John H. Shary
March 2, 1872 John Harry Shary was born to Robert and Rose Shary on a farm three miles from Wilber Nebraska in Saline County. John's parents had immigrated from Prague, Bohemia (presently Czechoslovakia). He was the youngest of four boys and one girl.
Sometime between 1884 and 1886 he went to live with his sister, May Chmelir in Crete, Nebraska. He attended school there, and eventually got a job during evenings and holidays working in a local drugstore
In 1890 at the age of 18 he passed the examination to become a registered pharmacist, becoming one of the youngest pharmacists in Nebraska.
He attended two years of college at Doane College, Nebraska, but had to leave before he could graduate to help his parents.
With the assistance of his father and a new partner, he opened his own pharmacy. It was so successful, he bought a half interest in another drugstore
In 1894 at age 22 he accepted a position as at traveling salesman. His travels took him through practically all the states and Canada where he gained experience and knowledge of the country's developments.
Between 1900 and 1904 he purchased a 30,000 acre ranch between Corpus Christi and San Antonio and succeeded in selling 27,000 acres of it within four years at a profit of $100,000. This success inspired him to enter the colonization and land development business.
1904 to 1910 he developed approximately 250,000 acres of land with his partner, George H. Paul. This land became one of the world's greatest cotton-producing sections, with cities including Corpus Christi, Taft, Sinton, Gregory, Robstown, Driscoll, Odem, Tynan and Portland.
For many years he operated special trains weekly to South Texas, and it is reported that he has settled more people in the south than any other developer.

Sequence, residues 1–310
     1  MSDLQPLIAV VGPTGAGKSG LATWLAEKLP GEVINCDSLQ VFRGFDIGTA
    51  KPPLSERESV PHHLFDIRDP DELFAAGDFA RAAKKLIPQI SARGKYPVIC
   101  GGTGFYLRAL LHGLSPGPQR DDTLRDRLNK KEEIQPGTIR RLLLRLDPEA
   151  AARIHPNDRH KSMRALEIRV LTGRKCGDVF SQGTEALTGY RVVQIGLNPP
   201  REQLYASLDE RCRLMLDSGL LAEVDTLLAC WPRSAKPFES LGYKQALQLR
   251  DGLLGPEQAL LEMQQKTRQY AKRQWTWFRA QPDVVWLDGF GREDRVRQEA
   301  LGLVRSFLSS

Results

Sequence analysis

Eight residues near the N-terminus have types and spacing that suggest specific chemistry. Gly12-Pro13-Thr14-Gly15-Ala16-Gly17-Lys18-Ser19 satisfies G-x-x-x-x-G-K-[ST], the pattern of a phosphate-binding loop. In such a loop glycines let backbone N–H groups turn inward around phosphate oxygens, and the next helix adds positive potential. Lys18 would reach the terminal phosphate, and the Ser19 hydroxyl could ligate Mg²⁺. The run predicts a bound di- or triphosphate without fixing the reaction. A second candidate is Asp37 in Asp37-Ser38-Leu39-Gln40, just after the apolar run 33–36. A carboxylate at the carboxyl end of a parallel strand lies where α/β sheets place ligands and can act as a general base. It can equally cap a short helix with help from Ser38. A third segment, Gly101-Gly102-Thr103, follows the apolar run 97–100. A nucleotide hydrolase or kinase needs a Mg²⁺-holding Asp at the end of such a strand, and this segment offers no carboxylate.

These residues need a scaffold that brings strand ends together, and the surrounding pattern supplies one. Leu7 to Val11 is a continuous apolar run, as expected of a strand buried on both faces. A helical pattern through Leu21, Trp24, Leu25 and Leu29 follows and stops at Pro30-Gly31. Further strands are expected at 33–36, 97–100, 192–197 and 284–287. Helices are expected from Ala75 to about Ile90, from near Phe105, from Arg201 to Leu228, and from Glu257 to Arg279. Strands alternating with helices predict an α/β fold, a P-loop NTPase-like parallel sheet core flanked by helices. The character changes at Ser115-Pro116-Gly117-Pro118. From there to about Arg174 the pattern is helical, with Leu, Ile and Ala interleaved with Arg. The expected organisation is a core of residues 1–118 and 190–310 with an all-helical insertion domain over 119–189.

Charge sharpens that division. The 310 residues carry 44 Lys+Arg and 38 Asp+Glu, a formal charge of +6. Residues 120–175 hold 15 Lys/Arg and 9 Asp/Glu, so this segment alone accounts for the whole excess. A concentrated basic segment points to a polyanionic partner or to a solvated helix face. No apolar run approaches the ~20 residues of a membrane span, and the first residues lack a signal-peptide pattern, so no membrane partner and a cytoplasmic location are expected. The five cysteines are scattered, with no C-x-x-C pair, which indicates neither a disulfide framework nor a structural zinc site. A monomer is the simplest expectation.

In 1912 he visited the Lower Rio Grande Valley for the first time.
In 1912 he and Mr. Paul went their separate ways, and Mr. Shary started developing the Lower Rio Grande Valley. He purchased the Judge Brooks estate comprising 10,000 - 12,000 acres where the towns of San Juan and Pharr are now located.
In 1913 he purchased the Briggs estate and subdivided 6,000 - 7,000 acres which now supports the city of McAllen.
In 1914 he purchased 16,000 acres from the Swift Estate, the first portion of land purchased which would become Sharyland.
In 1914 or 1915 he purchased an irrigation project from John Conway, the founder of Mission and created the United Irrigation Company. The U.I.C. supplied water to more than 55,000 acres of land. Mr. Shary served as the president from its founding until his death, without salary except for one and a half years.
He began developing citrus farms. He cleared brush, dug canals and laid in roads and then sold and leased the land in 40 acre lots to farmers and citrus growers. The land was generally covered in dense vegetation, including mesquite sometimes two feet in diameter, as well as cactus, guajillo, ebony, retama, tornilla, and huisache trees
In 1915 Mr. Shary planted the first large commercial citrus orchard in the Valley which was the genesis of the citrus industry on a commercial scale. From his own orchards he held the distinction to have shipped from the Valley the first solid car of citrus under standard pack and grade to the markets. Because of this first large scale commercial venture and his continuing activities in the development of every phrase of the citrus industry he has become known as "the father of the Texas citrus industry"
In 1915 Mr. Shary purchased the Mission Times newspaper.